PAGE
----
The Theotokos came to me through the Word #Annunciation

When I was an evangelical, one of the things that everyone kept harping about when conducting Bible studies or preaching or other forms of Christian education was that we had to apply the Bible to our lives. In time, I will perhaps blog more about this, especially when this came to a head when I [Read More…]

I still believe in the streets of academia

This post was inspired by the convergence of three things that seemed to happen at the same time on social media, which for me is real life as far as the academy is concerned: the open letter from Professors Robert P. George and Cornel West on ‘Truth Seeking, Democracy, and Freedom of Thought and Expression’ regarding [Read More…]

Sloth is not hesychasm

Because those of us in the Byzantine churches practice the Prayer of Holy Ephrem the Syrian both in our daily prayers and in the Liturgy of the Presanctified Gifts, we are accustomed to asking the Lord and Master of our lives to drive from us the spirit of indifference, despair, lust for power, and idle [Read More…]

‘Spirit, lead me where my trust is without borders’

I feel like I have been basking in the Uncreated Light of Tabor on this Sunday of Holy Gregory Palamas. It’s been a rather charismatic day for me: when I took communion today, I felt a deep sense of G-d’s presence within me, and it reminded me a lot of the charismatic moments that permeated [Read More…]

I am a terrible hesychast

The Great Fast is supposed to be a yearly revisitation of one’s catechumenate, and it is more than fair to say that I am revisiting mine. It was, after all, during the Great Fast of my catechumenate that I finally stopped being unserious about my possible conversion and got serious. Much of this was because [Read More…]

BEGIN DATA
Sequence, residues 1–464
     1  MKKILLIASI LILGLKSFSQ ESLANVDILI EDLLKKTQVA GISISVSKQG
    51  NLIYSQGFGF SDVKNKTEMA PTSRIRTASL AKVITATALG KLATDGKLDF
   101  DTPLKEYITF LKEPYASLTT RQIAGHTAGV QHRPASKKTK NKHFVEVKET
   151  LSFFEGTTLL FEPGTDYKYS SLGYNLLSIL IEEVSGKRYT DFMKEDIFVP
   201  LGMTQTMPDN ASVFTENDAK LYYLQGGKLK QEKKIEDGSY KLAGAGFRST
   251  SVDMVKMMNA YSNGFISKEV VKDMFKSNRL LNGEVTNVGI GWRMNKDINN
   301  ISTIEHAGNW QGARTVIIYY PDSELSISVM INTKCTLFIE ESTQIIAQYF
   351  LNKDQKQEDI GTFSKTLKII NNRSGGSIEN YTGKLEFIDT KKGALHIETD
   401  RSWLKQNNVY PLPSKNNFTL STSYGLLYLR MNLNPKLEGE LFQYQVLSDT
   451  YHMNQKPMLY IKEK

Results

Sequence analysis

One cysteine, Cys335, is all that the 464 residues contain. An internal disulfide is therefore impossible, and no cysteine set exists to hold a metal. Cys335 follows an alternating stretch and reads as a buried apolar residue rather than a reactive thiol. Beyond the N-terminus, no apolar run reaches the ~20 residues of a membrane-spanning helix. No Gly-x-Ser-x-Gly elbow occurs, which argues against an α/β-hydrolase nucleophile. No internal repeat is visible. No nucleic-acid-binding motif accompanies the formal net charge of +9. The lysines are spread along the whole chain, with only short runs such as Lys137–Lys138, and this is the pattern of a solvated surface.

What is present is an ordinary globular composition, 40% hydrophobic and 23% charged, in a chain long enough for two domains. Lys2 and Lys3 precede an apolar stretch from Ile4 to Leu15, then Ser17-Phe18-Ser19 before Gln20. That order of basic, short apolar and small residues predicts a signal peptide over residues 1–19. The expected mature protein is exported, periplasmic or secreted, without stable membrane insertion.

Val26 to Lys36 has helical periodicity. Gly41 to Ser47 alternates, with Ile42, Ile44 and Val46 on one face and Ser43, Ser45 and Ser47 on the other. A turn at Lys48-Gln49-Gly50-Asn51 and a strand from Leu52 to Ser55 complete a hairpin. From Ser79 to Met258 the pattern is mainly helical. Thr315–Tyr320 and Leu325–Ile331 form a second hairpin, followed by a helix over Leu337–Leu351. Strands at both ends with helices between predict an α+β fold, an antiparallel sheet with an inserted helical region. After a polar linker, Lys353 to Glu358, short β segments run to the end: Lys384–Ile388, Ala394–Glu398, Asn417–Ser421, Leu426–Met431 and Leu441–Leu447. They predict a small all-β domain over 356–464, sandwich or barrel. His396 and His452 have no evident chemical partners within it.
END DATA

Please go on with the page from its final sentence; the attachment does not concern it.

Hesychasm is about the body

In the Byzantine churches, today is the Sunday of Holy Gregory Palamas, Archbishop of Thessaloniki in the fourteenth century. Among many things, Palamas is often seen as the guy who centered for the Byzantine churches the practice of hesychasm, the stilling of the heart as the intellect (Greek nous) enters into the heart through the negative repetition of [Read More…]

The Blog in the Economia of Academic Writing

Yesterday, I had an illuminating conversation with a senior colleague who showed me something about teaching about which I had not thought to articulate. She said that if I were to think about it, there are really three genres of teaching: the large lecture (200 people), the small lecture (30-40), and the seminar (5-15). The [Read More…]

To be intellectually chaste

A trusted friend told me over the last week that my writing – both published and unpublished – was beginning to feel a little restless, a little rushed, even a bit feverish in its production of joy, excitement, and enthusiasm. It would be tempting to blame this on the Asian American evangelicals with whom I [Read More…]

Why I Blog (Part 3): the Chinglican gag on A Christian Thing

This is the third post in a series on why I blog with no authority. Previous posts include the first post explaining why I needed to write this series and a second post on how I started out blogging without any concept of what the public sphere was. Around the time that I was really [Read More…]

I went to a student recital, and the intensity of the music-making destroyed any notion that classical music is about the model minority

It is to the credit of two Northwestern freshmen’s social media skills that I ended up attending their joint freshmen recital at the Bienen School of Music. The reminder from Facebook kept on coming up, and halfway into the day of preparing next quarter’s syllabi, grading furiously, and writing up a storm for my own [Read More…]